These otherwise flat file databases offered some dBase compatibility, some only file level compatibility with opening and working with .dbf, .dbt and sometimes index files (.ndx and/or .mdx files), others offered minimal screen painting and xbase language compatibility that allowed you to get partial dBase functionality out of the package, usually with a severely limited relational/multi-file functions.

  • Microsoft Works for Windows - Discontinued
  • PC-File - Discontinued - Commercial

Libraries and database engines that work with xBase files or systems

  • C/Database Toolchest - Library for C and C++ programmers - Commercial - Current
  • CdBFile - Open Source - Discontinued
  • CodeBase - Discontinued - Clipper/dBase compatible database engine/library that could be called from any programming language.
  • dbfLIB/dbfLIB++ - Library for C and C++ programmers - Discontinued
  • GFA-BASIC dBASE Interface - Allows GFA Basic for Windows 3.x and WinOS/2 to read and write xBase data files.
  • Lattice dBC III - Discontinued - C libraries
  • libdbf - C library - Open source - Discontinued
  • PMI ModBase - dBase III/xBase interface and file compatibility, plus app generator - Modula-2 - Commercial - Discontinued

Java Implementations

Note that the xBase name is irritatingly enough also used by the xText project for their ELL lib in the Java world.

DBF/DBT File compatibility libraries and drivers

Links

Standards

There was some work on creating an xBase standard by IEEE in 1986 and 7 but that was blocked by Ashton-Tate who threatened a lawsuit. After all claims by Ashton-Tate had been refused in an infamous lawsuit due to the Public Domain status of the Falcon/Vulcan database in 1990, an ANSI (US standards authority) committee X3J19 was set up in 1991 to standardise the language. However that failed due to differences between the American and European members on if it should concentrate on just a Clipper/dBase III compatible language or an extended one with subgroups focused on specific domain extensions to the language, resulting in the Europeans leaving the committee en masse in 1995. As all commercial and open source xBase implementations in the latter half of the 90's originated in Europe with the sole exception of the original dBase who by then was seriously diminished force, the ANSI/X3J19 specification died a natural death.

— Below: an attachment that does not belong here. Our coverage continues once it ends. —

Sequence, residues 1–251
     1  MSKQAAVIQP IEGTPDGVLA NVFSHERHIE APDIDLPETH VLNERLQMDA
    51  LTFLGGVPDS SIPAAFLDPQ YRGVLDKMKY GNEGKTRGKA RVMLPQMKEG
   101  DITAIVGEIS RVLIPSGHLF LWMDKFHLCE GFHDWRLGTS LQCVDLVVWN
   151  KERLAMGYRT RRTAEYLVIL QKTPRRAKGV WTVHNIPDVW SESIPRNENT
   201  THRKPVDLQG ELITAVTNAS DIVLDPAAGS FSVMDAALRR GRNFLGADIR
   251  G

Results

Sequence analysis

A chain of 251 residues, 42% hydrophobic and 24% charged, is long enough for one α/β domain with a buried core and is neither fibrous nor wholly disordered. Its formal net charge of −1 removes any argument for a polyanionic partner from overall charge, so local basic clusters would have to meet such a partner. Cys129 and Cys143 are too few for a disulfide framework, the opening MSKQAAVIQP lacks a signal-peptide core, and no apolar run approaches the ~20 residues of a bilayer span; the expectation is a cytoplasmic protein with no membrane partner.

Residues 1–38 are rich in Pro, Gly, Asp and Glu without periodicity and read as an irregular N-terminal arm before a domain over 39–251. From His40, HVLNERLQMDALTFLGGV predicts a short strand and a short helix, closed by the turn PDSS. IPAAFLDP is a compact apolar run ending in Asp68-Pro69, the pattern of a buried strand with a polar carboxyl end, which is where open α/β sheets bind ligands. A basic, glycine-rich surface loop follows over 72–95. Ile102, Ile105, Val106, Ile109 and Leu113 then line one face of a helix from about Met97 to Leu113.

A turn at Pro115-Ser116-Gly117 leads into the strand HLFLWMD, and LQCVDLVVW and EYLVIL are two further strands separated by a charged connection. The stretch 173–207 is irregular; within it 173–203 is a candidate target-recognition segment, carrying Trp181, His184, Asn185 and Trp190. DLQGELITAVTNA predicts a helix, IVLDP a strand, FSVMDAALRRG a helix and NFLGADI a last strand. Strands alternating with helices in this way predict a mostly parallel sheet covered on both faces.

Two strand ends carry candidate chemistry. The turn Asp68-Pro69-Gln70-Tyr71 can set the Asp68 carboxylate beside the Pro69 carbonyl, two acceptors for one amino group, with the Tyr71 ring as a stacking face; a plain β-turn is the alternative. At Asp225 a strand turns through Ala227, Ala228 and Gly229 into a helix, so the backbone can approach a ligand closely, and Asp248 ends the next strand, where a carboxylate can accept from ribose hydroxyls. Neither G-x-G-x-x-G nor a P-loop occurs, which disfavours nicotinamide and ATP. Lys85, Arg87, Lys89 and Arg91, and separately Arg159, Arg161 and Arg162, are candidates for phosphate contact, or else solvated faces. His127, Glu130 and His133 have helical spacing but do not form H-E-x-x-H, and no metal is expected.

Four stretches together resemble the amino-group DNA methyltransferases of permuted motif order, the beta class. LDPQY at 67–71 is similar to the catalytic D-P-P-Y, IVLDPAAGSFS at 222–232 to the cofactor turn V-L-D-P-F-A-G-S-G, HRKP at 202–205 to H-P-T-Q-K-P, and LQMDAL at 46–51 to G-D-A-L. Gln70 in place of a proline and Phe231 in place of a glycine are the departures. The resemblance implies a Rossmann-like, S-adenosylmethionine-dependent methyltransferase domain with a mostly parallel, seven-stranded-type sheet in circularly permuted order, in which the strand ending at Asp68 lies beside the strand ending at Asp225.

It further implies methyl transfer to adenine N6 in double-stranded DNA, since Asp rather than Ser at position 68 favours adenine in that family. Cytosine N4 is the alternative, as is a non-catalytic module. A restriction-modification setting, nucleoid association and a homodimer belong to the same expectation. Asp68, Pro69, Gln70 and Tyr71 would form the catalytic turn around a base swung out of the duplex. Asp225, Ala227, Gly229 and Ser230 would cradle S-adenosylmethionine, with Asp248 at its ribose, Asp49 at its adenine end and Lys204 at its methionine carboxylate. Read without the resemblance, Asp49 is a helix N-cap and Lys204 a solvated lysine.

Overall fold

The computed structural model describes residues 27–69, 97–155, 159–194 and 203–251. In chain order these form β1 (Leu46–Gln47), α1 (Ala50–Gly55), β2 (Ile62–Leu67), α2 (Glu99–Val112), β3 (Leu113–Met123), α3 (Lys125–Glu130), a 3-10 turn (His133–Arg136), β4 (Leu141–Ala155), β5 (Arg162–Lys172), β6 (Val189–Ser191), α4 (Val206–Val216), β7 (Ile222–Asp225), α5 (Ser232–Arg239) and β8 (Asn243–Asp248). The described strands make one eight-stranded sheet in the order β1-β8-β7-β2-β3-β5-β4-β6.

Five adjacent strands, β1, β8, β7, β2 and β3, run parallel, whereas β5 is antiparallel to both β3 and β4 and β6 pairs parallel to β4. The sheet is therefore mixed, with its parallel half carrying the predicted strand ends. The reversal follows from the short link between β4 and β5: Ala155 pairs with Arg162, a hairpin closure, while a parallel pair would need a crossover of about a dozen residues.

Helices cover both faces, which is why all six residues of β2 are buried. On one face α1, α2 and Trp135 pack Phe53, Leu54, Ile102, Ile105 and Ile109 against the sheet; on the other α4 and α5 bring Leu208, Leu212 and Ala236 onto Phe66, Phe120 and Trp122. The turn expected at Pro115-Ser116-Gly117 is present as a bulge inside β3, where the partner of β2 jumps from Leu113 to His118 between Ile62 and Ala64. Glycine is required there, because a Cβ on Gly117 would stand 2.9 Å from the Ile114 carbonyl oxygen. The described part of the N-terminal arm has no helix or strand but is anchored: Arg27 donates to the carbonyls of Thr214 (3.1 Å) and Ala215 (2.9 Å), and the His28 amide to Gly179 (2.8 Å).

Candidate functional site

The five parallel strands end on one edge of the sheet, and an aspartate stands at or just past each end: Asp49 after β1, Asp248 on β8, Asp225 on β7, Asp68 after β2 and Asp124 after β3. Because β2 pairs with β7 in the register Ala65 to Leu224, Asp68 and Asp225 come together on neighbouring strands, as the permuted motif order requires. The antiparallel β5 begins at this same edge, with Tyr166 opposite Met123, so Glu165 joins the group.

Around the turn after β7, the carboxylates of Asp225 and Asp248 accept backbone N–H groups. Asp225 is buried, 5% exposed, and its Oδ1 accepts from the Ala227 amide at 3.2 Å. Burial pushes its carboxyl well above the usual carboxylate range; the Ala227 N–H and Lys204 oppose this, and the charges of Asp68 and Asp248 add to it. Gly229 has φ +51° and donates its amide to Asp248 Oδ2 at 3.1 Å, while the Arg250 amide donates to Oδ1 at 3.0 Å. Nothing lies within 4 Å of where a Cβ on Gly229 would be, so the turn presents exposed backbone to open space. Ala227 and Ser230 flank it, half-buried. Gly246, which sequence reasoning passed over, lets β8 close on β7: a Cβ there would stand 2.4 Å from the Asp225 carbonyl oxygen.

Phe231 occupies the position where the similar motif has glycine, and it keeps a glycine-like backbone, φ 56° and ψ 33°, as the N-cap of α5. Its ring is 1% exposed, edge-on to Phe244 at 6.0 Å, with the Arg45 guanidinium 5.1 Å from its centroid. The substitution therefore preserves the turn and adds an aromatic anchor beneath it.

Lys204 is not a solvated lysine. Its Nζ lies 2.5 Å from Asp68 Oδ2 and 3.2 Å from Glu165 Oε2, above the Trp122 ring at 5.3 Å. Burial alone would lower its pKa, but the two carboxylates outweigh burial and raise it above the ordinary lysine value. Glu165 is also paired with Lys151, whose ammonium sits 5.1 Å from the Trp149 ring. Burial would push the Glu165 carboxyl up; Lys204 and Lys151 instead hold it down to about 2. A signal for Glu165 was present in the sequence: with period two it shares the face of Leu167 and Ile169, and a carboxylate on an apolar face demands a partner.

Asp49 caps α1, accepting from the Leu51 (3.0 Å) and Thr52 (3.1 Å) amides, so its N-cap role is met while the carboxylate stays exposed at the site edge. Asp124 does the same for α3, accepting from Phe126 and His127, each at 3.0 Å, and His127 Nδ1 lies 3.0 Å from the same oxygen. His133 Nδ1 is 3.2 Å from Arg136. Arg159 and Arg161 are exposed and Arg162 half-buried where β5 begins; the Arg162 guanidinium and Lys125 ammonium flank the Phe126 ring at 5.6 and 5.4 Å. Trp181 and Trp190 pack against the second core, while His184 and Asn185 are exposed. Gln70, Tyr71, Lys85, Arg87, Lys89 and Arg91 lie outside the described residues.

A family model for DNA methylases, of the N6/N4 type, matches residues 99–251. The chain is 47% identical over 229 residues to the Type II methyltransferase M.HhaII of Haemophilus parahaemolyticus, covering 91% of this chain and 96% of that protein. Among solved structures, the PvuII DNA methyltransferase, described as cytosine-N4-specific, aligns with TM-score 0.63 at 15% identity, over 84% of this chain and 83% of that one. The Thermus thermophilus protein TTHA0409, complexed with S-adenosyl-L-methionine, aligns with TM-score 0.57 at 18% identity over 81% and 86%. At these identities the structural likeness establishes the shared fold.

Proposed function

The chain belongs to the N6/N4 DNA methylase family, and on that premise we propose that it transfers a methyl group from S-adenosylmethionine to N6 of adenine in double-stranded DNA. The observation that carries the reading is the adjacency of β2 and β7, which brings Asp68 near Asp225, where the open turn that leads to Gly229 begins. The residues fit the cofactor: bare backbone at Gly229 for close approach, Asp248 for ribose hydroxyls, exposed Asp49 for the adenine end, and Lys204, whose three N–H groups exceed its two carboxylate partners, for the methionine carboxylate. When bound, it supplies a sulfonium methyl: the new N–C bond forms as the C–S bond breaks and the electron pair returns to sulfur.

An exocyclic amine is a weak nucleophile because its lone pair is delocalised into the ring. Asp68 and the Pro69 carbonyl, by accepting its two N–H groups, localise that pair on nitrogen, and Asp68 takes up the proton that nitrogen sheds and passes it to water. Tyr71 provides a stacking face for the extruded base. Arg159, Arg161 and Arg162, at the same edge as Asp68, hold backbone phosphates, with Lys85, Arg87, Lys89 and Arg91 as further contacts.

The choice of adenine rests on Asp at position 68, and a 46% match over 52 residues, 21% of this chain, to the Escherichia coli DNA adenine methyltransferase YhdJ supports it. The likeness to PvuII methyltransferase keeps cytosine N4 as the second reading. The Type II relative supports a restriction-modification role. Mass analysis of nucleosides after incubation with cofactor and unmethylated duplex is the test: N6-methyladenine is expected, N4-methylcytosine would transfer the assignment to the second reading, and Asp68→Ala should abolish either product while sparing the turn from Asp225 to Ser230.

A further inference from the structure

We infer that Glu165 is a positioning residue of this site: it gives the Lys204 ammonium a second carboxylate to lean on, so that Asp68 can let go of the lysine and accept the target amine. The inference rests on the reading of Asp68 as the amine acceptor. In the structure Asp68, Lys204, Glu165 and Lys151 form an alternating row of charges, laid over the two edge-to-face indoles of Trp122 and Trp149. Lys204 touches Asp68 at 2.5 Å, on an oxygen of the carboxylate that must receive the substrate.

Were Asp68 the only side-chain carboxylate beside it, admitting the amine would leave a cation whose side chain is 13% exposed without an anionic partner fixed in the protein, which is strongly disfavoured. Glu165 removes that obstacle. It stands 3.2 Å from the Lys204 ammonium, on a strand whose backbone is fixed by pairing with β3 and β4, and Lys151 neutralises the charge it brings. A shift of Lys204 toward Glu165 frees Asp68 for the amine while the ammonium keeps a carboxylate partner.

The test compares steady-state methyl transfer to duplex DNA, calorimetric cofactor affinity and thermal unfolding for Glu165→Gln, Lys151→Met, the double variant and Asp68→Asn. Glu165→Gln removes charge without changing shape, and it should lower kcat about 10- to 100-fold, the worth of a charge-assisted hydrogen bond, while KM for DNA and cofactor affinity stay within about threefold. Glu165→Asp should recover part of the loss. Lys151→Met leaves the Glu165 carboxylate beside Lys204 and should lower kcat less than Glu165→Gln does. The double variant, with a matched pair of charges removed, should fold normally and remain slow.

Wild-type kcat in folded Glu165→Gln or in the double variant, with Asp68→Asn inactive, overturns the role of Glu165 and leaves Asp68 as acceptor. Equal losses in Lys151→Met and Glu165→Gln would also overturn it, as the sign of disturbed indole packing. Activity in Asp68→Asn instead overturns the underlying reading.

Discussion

• TEXI The European xBase Institute

DBF file formats

Although the main .dbf file format is stable and has remained mostly unchanged for decades, there are a number of small variants of the format and the may index files and memo files are structured has varied more that the dbf file format itself. The links below are useful but the best description of the file format is to be found on Erik Bachmann's page in the links section above.

Usage examples

Some counties within the state of Arizona in the USA allow accountants to bulk file tax returns for individuals and companies using .dbf files, more info here.